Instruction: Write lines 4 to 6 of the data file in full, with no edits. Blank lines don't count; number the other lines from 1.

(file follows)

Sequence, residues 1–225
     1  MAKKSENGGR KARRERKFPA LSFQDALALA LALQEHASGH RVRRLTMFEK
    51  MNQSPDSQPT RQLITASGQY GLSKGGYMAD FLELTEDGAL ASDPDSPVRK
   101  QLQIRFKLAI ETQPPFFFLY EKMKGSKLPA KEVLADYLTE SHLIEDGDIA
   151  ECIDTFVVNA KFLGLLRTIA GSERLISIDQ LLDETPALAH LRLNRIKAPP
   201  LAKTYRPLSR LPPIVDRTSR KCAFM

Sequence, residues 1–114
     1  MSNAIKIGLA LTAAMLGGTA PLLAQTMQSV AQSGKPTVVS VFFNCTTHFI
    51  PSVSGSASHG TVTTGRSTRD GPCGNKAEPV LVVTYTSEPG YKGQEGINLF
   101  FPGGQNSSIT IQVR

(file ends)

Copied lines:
   101  QLQIRFKLAI ETQPPFFFLY EKMKGSKLPA KEVLADYLTE SHLIEDGDIA
   151  ECIDTFVVNA KFLGLLRTIA GSERLISIDQ LLDETPALAH LRLNRIKAPP
   201  LAKTYRPLSR LPPIVDRTSR KCAFM